A blog to get Spinal Tap into the Rock and Roll Hall of Fame (and whatever else I want it to be about)

Archive for April, 2011

The Jam v. Sonic Youth

The final round of metal madness will have to wait for a round of the indie/alternative division.  Rock music, at first was not always a super-popular or commercial form.  It really mainstreamed in the 70’s, particularly as baby boomers got older.  Production quality improved and albums and artists became more sophisticated and in many ways professional.  But there was a counter to that.  Inspired by the Velvet Underground, the Stooges and MC5, bands like The Replacements, Big Star, and Television avoided the big rock star trappings of Eagles, Pink Floyd or Led Zeppelin, with a simple, straight forward, less polished sound.   Influenced by punk, but not always punks themselves, they often worked outside the mainstream of big record labels, stadium concerts and FM radio by releasing their music on smaller labels, playing clubs and college radio.  Not that they necessarily chose to avoid the mainstream and the financial success that came with it, but they carved a path that would subsequently be followed by groups like The Pixies, Ani DiFranco, Nirvana and the White Stripes.

The Jam started off as a punk band, but even then, with their suits (and alleged conservative politics) were different.  Instead of rejecting their musical heritage, they embraced it, and thus were labeled “new mods.”  As they evolved, their music became much more melodic and even soulful, thanks in part to Bruce Foxton’s strong and distinctive bass lines.  But Paul Weller really set the group apart with his sharp lyrics and proto-Morrisey vocals.  Another entry in the “much bigger in Briton” category, they influenced the new wave acts (The Smiths) that followed as well as blue-eyed soul (Simply Red) and later Brit-pop groups (Oasis, Blur and all those others).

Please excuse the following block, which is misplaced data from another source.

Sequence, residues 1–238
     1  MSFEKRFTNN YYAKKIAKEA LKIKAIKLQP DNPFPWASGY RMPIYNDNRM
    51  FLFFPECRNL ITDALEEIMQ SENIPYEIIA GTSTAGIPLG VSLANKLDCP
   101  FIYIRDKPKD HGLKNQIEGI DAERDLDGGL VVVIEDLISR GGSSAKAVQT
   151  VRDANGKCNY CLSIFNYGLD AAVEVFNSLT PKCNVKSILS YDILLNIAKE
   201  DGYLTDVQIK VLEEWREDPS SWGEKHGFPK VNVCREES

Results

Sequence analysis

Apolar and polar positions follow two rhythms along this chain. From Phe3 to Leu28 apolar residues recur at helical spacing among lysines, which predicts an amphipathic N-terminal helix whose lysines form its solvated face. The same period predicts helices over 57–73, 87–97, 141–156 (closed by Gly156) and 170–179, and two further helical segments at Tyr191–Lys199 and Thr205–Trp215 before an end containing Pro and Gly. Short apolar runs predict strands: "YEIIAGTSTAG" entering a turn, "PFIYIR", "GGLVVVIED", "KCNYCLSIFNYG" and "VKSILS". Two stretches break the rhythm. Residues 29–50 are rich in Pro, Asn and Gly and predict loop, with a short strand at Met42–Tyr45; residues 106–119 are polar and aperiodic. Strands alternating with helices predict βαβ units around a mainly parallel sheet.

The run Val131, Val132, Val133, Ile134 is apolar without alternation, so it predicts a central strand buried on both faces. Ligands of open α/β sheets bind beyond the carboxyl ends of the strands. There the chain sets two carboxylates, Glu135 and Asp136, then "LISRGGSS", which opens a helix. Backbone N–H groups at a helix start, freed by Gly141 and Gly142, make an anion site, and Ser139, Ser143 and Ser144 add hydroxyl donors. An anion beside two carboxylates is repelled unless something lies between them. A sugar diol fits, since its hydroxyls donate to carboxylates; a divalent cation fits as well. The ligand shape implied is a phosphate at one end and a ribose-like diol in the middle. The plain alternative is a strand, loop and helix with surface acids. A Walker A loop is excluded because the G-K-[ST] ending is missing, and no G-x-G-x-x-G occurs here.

Sonic Youth.  I’m totally mesmerized by them.  Somehow their mix of noise and distortion and fuzz and Kim Gordon’s sultry voice puts me in a trance and I can’t turn away.  And I’m not the only one.  Kurt Cobain cited them as one of his prime influences.  Really, every ‘grunge’ band owes them a lot.  Pavement?  Totally.  They take some Velvet Underground attitude, mix in some John Cage experimentalism, add a touch of Neil Young free-form distortion and a sprinkle of The Carpenters pop hooks and you end up with fuzzy, raw, dirty, danceable, groovy rock.  Throughout their careers, they’ve supported young and upcoming bands, from touring with Nirvana to producing Blonde Redhead.  I read somewhere that they were influential before they were good (not just because they used skateboard video director Spike Jonze and skateboarder Jason Lee in a video), but I disagree.  They’ve always remained true to their unique muse, crafting music that’s complex, challenging and out of this world.

Next game: Steppenwolf v. Def Leppard